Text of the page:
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What do eggs and peanut butter have in common?

More than you’d think, apparently.

At a hearing yesterday by the US House of representatives Energy and Commerce Committee’s subcommittee on investigations, Orland Bethel, one of the egg manufacturers implicated in the current outbreak of salmonella-related illnesses, appeared but refused to testify. According to the Los Angeles Times, Bethel cited his Fifth Amendment right against self-incrimination in declining to answer the committee’s questions.

The moment was reminiscent of the time in February 2009 when two executives with Peanut Corporation of America (PCA) – president Stewart Parnell and plant manager Sammy Lightsey – refused to answer question before the Congressional panel investigating that salmonella outbreak, which has sickened more than 600 people, killed nine, and was been linked to the Georgia plant for which they were responsible.”

It gets better.

USA Today reports on yet another link between the two food safety-related incidents:

“Wright County Egg, one of the Iowa farms at the center of this summer's recall of 550 million eggs, earned ‘superior’ ratings for its facilities from a third-party auditor the past three years. But the auditor was the same one that gave a superior rating to the Peanut Corp. of America, whose shipments were linked to a salmonella outbreak that sickened hundreds a few years ago ... AIB International, of Manhattan, Kan., audited (the offending) egg-packing plant twice in 2008, four times in 2009 and at least once in 2010, and every time found it to be ‘superior’.”

Testimony at yesterday’s hearing by another egg producer hardly could have been reassuring to skittish consumers.

Here’s how the New York Times described the scene:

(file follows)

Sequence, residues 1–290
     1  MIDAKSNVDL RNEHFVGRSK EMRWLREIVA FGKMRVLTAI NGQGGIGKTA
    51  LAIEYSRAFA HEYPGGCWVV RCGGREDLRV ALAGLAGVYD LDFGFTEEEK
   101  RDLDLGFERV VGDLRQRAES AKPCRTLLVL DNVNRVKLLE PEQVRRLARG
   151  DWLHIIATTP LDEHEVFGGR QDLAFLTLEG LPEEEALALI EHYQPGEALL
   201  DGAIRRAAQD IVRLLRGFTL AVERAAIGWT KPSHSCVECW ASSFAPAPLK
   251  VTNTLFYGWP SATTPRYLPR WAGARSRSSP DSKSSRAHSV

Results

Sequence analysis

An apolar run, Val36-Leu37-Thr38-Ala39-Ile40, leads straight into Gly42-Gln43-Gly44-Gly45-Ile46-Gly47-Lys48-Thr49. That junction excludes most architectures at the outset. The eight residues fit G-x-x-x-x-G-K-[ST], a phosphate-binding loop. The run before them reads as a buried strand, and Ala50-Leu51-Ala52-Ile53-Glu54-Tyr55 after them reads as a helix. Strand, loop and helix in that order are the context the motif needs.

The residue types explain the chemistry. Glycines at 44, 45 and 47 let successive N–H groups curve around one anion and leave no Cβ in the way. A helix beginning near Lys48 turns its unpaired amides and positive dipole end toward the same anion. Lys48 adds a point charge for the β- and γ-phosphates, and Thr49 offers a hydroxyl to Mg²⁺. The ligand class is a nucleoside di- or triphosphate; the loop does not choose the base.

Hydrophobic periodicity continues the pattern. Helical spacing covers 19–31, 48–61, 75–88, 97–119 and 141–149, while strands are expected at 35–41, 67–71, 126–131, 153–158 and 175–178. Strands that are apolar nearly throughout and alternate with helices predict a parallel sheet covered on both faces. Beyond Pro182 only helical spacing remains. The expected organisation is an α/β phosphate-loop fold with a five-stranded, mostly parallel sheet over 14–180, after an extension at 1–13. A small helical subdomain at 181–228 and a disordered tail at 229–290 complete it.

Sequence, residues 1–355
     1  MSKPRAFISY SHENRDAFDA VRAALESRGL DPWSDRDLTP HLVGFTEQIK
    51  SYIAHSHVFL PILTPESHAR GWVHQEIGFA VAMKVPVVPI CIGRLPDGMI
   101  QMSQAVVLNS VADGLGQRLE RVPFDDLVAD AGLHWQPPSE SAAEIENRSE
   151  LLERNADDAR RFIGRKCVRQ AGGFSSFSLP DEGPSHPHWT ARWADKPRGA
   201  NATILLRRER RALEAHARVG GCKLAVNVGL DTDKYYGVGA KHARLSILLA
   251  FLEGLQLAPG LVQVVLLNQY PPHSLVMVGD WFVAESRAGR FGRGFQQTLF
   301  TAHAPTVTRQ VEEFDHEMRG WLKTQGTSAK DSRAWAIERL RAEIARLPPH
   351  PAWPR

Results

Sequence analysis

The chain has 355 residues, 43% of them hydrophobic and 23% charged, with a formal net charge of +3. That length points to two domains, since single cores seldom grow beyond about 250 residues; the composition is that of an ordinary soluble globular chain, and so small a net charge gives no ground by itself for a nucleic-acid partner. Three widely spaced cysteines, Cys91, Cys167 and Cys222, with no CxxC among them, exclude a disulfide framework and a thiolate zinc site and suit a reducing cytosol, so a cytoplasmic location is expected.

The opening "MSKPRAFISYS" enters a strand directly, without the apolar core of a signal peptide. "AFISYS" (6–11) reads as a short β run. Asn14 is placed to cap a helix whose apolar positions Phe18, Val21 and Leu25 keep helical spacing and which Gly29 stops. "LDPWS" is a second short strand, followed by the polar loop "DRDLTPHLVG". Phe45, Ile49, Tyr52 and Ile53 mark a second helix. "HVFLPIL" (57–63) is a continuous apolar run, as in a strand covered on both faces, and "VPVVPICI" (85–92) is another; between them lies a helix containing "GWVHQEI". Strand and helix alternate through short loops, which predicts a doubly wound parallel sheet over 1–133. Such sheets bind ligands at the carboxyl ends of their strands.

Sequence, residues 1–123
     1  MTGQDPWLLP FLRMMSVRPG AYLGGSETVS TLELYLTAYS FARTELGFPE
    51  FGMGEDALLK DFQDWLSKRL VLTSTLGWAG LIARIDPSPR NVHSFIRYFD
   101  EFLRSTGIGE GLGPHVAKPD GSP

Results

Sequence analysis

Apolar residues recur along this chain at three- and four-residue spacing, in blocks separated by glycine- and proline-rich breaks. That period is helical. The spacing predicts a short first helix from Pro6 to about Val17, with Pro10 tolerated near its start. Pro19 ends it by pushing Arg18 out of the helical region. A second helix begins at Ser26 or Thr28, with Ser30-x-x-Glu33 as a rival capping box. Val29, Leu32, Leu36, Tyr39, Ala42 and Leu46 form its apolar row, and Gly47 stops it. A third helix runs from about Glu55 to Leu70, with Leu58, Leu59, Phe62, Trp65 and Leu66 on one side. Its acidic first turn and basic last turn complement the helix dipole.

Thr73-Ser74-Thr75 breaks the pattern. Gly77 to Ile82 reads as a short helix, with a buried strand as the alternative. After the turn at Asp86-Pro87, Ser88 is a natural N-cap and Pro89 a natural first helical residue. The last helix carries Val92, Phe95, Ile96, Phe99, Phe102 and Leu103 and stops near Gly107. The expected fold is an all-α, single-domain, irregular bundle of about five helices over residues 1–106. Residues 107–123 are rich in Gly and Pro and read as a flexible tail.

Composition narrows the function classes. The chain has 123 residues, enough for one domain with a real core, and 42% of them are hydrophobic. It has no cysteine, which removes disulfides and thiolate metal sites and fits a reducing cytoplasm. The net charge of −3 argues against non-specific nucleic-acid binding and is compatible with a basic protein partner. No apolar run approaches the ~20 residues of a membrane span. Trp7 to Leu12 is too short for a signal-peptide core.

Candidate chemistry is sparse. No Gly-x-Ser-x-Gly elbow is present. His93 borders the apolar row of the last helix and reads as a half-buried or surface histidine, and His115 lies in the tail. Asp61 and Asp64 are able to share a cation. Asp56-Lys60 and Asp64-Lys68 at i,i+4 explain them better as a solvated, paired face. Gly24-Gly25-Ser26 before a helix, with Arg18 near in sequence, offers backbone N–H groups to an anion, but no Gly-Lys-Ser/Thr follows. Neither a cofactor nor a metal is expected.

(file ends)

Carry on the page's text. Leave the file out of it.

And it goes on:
“An Iowa egg producer at the center of a nationwide outbreak of salmonella apologized to a Congressional panel on Wednesday and admitted that his family operation ‘got big quite a while before we stopped acting like we were small.’

“‘What I mean by that is we were big before we started adopting sophisticated procedures to be sure we met all of the government requirements,’ the egg producer, Austin J. DeCoster, said in testimony before a House Energy and Commerce subcommittee. He is the founder of an egg empire that has been linked over three decades to multiple deadly outbreaks of salmonella poisoning in many states.

“Mr. DeCoster’s company, Wright County Egg, and another company, Hillandale Farms, recalled more than 500 million eggs last month after health officials traced salmonella bacteria that sickened more than 1,500 people to those companies.

“A subsequent inspection by the Food and Drug Administration found that the barns of the egg producers were infested with flies, maggots and rodents, and had overflowing manure pits. Records unearthed by Congressional investigators showed that tests of Wright County Egg barns had shown the presence of toxic salmonella bacteria for years prior to the outbreak.

“‘We were horrified to learn that our eggs may have made people sick,’ Mr. DeCoster, who is known as Jack, said in a shaky voice. ‘We apologize to everyone who may have been sickened by eating our eggs’.”

“The egg producer’s frequent run-ins with regulators over labor, environmental and immigration violations at his operations have been well documented, and in his four paragraph statement, Mr. DeCoster also accepted responsibility for mistakes that the company has made in complying with government regulations over the years. Pictures taken at the DeCoster facilities of barns bursting with manure, manure flowing under barn doors, and barns with dead rodents, chickens and flies were shown at the hearing.”
KC's View:
Here’s the deal. I’m not ordering eggs in restaurants for the time being. If I buy eggs at the store, I want to be damned sure where they came from...or I’m not buying them. I’m betting I’m not alone in being disgusted by the scenes being described in the media.

I don’t have a lot of confidence in the DeCoster testimony. The Bethel refusal to talk speaks for itself. And the news about AIB International is horrifying - whatever license this company has to conduct inspections ought to be yanked immediately.

There’s a lot of debate going on about the proposed food safety law and whether it is adequate or unnecessary. But here’s where they ought to start. If you run or own a company that willfully commits food safety violations, putting short-term sales and profits ahead of consumer safety, if you are found guilty in a court of law you go to jail for a minimum 25 year sentence and have to write a check for a multi-million dollar fine that ought to represent 50 percent of your net worth. No debate, no negotiation.

And you also have to subsist in jail on a diet primarily made up of the food products you used to produce.